Here's a future inner-city motoring scenario.
At your home you climb aboard your vehicle, punch your destination into your personal iPad style tablet, and instruct the vehicle to take you there.
The vehicle reverses out of your driveway, checking left and right to make sure no other traffic is in the way, and then heads off on your journey, with you doing none of the driving.
You know that if there is other traffic, pedestrians or various obstacles along the way, the vehicle will electronically negotiate its way through all of that in total safety.
Your destination is the local supermarket, and once you arrive at the entrance to its carpark you climb out of the vehicle, head to an ATM-style touch screen and order the car to be parked.
Entirely on its own the car maneouvres its way around other driverless vehicles and eventually reverses into a parking bay. Then when you've finished your shopping you order your car back again. It drives out of the parking bay, draws up alongside, and you climb aboard and head off home.
A far-fetched motoring scenario? No way - in fact it is all happening now.
Welcome to the new world of the intelligent transport system, the buzzword for a massive amount of research under way with one aim in mind - to make the world's roads safer for everyone.
We're already benefiting from such research. Traffic signal control, satellite navigation systems, speed cameras, electronic carpark information, and vehicle on-board radar and cameras are just some technologies introduced in recent years to help cope with increasing numbers of vehicles on the world's roads, especially in urban areas.
But now the research is going a lot further, and it is achieving some remarkable results.
A couple of hours up the road from Tokyo is Tochigi, where Honda Motor Company has a sprawling research and development centre. It's the hub for 22 other Honda R&D facilities around the world, and it is the scene of a massive amount of automotive research.
Like every other automotive R&D centre, Tochigi is normally a strictly no-go location for the public and the press. But last week Honda opened the facility's doors to the world motoring media in a big effort to showcase its take on future development of intelligent transport.
The Honda dream is simple - it wants to help achieve a collision-free motoring environment.
It has already taken significant steps towards that aim, with some of its vehicles currently available in New Zealand fitted out with impressive active safety technology. For example, the radar-based system aboard the latest Accord that takes over up to 80 per cent of steering effort if it detects the car is in danger of wandering across a road's white lines. The potential next step is for the technology to completely take over operation of a vehicle.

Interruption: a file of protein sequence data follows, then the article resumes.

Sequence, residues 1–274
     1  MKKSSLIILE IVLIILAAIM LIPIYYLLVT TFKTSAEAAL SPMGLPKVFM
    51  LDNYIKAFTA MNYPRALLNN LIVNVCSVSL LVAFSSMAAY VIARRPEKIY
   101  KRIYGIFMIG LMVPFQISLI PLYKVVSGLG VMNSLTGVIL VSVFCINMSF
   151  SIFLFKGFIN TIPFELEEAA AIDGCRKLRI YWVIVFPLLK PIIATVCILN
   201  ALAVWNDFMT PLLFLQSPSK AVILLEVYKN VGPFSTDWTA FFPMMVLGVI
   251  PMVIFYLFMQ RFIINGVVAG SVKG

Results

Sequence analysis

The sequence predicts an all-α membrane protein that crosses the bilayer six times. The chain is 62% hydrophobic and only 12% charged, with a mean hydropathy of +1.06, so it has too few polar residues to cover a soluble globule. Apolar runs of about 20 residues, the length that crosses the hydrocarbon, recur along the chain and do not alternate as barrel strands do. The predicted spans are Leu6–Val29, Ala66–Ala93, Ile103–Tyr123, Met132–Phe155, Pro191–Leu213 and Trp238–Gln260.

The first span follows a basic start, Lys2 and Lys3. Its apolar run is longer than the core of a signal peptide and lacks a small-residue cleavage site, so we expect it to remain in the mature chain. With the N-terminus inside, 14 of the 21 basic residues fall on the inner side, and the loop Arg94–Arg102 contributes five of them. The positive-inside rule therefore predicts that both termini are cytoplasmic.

Honda calls it co-operative autonomous driving, and at Tochigi it has developed an Accord hybrid sedan that can negotiate its way through an urban street environment on its own.
It was a weird sensation sitting in this car as it went through its paces. We headed off, me as a passenger and with the driver sitting there with his hands on his knees, and the Accord cornered then headed down a street before pulling up at a pedestrian crossing when its on-board stereo camera spotted a person about to step out on to the road.
A little later its on-board Wi-Fi detected an electric cart about to cross in front, so once again the car stopped.
Then a short-range camera spotted an approaching motorcyclist and the car took evasive action - but not so much as to interfere with the journey of a vehicle that wave radar had spotted coming up from behind.
We carried on, with stereo cameras recognising the location of parked vehicles and the width of narrow urban streets, before we pulled up at a designated parking area at the end of our journey.
And throughout the journey, a suite of LED lights had constantly advised those aboard on the state of the outside motoring environment - green lights telling us there was no immediate risk, orange warning us via external sensors of approaching visible risk, and white warning us via wireless communications of invisible risk such as a vehicle approaching from around a blind corner.
All of this activity took place at very low speeds over a specially prepared course, but it did vividly demonstrate that the technology is being developed to allow it to happen.
And anyone who has been forced to spend hours stuck in heavy traffic in and around such big cities as Tokyo will know that it needs to happen. Like it or not - co-operative automomous driving isn't far away.
- © Fairfax NZ News